At least I look jazzy right?
From last year

Shamrock Legacy: 
Year 1: 1:33.30
Year 2: 1:25.14
Year 3: 1:25.29
Year 4: 1:33:06 (two weeks post marathon and having hamstring/hip issues)

April: 
The April Fools half
The April Fools half marathon is where I set my PR 1.5 years ago.  The Atlantic City Race directors do an incredible job.  For being in such a large city, I love how low key the race is.  Plus it’s in a decent time of the year, and the only thing to worry about is how windy it is.

September: 
Air force half OR full
It scares me to put potentially another full marathon on the calendar. The fall is a very long time away.  My training has been going well, and if I can remain injury free, I would like to run either the Air Force half or full this year.  I’ve run two marathons and not enjoyed either but maybe the third time is a charm…or maybe not.

But hopefully I'll be more prepared than this if I choose that route.
But hopefully I’ll be more prepared than this if I choose that route.

I won’t run another full marathon until I have not only Pred in my shorter distances but am satisfied with my progress. Marathons are always there, and there is no reason to sign up until I’m ready to run another one.

Those are just a few races that come to mind.  I do plan to fill my schedule with plenty of 5ks, 10ks and halves, but these are a few I’ve had my eyes on!

There will be many races I’ll train and race untapered as a workout, and there are many races I’ll run after tapering and resting.

Questions for you:
Do you have a race bucket list? 
What is your all time favorite race?

Marathoning

Marathons and Me…Me and Marathons

I guess there is no hiding what this post is about right?

Right now I’ve run two marathons and neither of them have been enjoyable.  That is the blunt honest truth and yet I find myself pondering whether I should run a fall full marathon.  Right now I plan to train shorter distance and then see where I am at the end of the summer.

Will I run another marathon at some point?

Yes I do know I will eventually…I am not satisfied with either of my marathons…

Is it my favorite distance?

No…

Let’s rewind to a brief history of my running…

I had a very long period of staying injury free.  When I evaluate myself and my training, I can see that period of injury free running stopped when I began training for marathons.  Admittedly I didn’t train that well for either marathon but I did make it through. 

Reflecting upon my running the last 2 years:

I made it through the entire New York City Marathon training cycle injury free.  Since it was my first marathon, it took me a lot longer to recover afterwords .  The marathon was in early November and I was comfortably running again in late December.

YAY marathon...
YAY marathon…

January through April of 2014 were my only “solid” months of training from the last 2 years.  I PRed in a half marathon (which was shocking) but other then that there have been no other PRs or solid races.  Was that half marathon a fluke?  Well I haven’t come anywhere close since!  

A year ago, I ran Broad Street 10 miler at roughly the same pace as my half marathon PR. and until Broad Street yesterday, 2014 was the last race I deem “successful”.   

Cue in the multiple injuries:

My first issue was plantar fasciitis in June of 2014.  I took two weeks off and it didn’t seem to heal.  From mid June until mid July, I dealt with the dreaded PF.  I was training for my second marathon: Wineglass…and the race date kept creeping closer.  Finally by August 1st I was running again.  I still had hope that my base might pull me through.

Then I woke up with a stress fracture in mid August and everything was shut down.  I’m not sure if that stress fracture was a mental relief or not.  I didn’t really want to run Wineglass full marathon but I probably would have if I didn’t have a fracture.  Before my plantar fasciitis I had invested so much time that I didn’t want to waste.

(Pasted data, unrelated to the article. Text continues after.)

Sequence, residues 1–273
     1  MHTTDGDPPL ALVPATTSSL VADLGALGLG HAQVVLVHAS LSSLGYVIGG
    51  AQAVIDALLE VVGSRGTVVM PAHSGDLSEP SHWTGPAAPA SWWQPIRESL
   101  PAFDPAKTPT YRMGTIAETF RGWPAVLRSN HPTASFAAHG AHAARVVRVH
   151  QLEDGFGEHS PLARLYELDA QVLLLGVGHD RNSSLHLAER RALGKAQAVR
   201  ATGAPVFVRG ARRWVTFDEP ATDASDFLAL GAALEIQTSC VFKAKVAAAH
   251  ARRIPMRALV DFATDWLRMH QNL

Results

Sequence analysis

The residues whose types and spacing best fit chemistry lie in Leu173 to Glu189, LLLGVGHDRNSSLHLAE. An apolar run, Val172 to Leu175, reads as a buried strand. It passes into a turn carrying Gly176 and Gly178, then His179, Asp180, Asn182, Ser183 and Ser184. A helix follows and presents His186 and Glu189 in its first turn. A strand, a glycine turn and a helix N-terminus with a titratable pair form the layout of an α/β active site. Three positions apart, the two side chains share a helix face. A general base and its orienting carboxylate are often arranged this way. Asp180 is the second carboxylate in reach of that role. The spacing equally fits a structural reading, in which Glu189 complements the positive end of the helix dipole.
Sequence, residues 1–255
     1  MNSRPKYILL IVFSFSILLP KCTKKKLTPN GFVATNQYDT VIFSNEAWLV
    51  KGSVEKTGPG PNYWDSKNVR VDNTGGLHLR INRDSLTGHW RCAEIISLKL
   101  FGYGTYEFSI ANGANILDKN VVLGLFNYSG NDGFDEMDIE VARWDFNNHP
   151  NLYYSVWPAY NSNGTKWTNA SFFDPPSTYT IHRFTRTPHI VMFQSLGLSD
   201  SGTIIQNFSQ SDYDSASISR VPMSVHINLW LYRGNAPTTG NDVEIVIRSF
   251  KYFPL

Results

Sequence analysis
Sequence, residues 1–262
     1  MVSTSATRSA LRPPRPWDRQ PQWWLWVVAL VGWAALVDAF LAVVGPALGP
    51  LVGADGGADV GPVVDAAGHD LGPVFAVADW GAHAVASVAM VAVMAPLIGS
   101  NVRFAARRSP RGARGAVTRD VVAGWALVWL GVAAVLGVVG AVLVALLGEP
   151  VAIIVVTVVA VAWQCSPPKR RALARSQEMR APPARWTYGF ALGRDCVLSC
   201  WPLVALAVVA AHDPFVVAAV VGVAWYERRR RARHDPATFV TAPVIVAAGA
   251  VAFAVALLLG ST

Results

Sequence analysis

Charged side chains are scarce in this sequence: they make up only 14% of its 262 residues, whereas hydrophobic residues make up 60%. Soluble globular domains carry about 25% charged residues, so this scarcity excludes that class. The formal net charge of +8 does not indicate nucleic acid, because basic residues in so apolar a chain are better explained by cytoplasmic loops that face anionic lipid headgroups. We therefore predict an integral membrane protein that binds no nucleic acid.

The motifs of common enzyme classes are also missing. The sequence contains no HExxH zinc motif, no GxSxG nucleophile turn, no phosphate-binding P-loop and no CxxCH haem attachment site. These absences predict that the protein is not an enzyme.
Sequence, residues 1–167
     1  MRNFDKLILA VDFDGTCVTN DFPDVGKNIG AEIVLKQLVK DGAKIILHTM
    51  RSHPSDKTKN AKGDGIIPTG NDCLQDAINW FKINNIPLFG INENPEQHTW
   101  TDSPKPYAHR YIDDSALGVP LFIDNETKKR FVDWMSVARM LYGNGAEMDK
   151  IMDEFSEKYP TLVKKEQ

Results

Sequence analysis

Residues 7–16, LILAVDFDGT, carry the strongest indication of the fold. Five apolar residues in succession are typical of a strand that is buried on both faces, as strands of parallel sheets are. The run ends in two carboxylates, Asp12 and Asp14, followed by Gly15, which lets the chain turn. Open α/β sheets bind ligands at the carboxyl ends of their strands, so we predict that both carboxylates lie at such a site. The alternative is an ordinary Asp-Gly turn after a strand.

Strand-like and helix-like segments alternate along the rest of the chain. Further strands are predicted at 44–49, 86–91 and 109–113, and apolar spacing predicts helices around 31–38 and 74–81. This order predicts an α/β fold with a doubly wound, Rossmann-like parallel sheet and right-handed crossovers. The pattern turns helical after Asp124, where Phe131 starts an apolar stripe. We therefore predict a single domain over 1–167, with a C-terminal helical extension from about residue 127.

Lots of races...
Lots of time and races… 

From mid August to Mid October I took off from running.  Running on a stress fracture is dumb. I healed well and decided I wanted to run the Phoenix full marathon in February.  Little did I know it would be the perfect break to get out of the east coast during the worst winter in a while.

I actually had really good training for the race and I felt really confident at the race start.  I didn’t race much from December until January but I did have quality training  from November until February.  I was satisfied that I would PR and be around 3:10.

Except the Icicle 10 miler...that was a great race for me
Except the Icicle 10 miler…that was a great race for me

But I didn’t finish around 3:10 like I had hoped because I finished the race in a lot of pain.  I am not saying I would have broken 3 hours in Phoenix if I was injury free but I would have been closer to my goals.  I finished the race with a lot more energy than I should have. I also finished with a lot more hip pain than I should have…

But I somehow cracked a smile
But I somehow cracked a smile

From March until now, I beebopped around with hip, butt and leg pain.  Now that I’m finally running injury free again…do I start another cycle of marathon training?

No…my history right now points to steer clear of marathons.

So where do I go?

As I said my history with full marathons has not been fulfilling.  Not only have I missed my potential but I also haven’t enjoyed running either marathon.

I’m ready to go back and toy around with shorter distances for a while.  I don’t have a number of days, weeks, months or even years to quantify a “while” but I do want to work on shorter distances for a while (I do know it will be at least until the summer).

I plan to run a lot of 5ks in the future.  If everything goes well and according to plan I will be running a 5k nearly every weekend.  I enjoy the availability of small and local 5ks.  I also enjoy that small and local 5ks don’t take commitment and I can sign up a few days prior.  I don’t have to worry about a race being sold out (like it seems every half and full marathon these days!)’

A random 5k in the hail
A random 5k in the hail

Will every 5k be a PR?

Since I haven’t come within 40 seconds of my PR in 2 years I doubt any 5k will be a PR for a while.

Will each 5k work on speed and turnover which eventually could help in longer distances?

Yes…and that is what I’m hoping.

It will be a nice break from 15-20 miler long runs that I don’t need (or want to do) now.  I do enjoy running long, easy distances but I know I will enjoy some faster and shorter races too.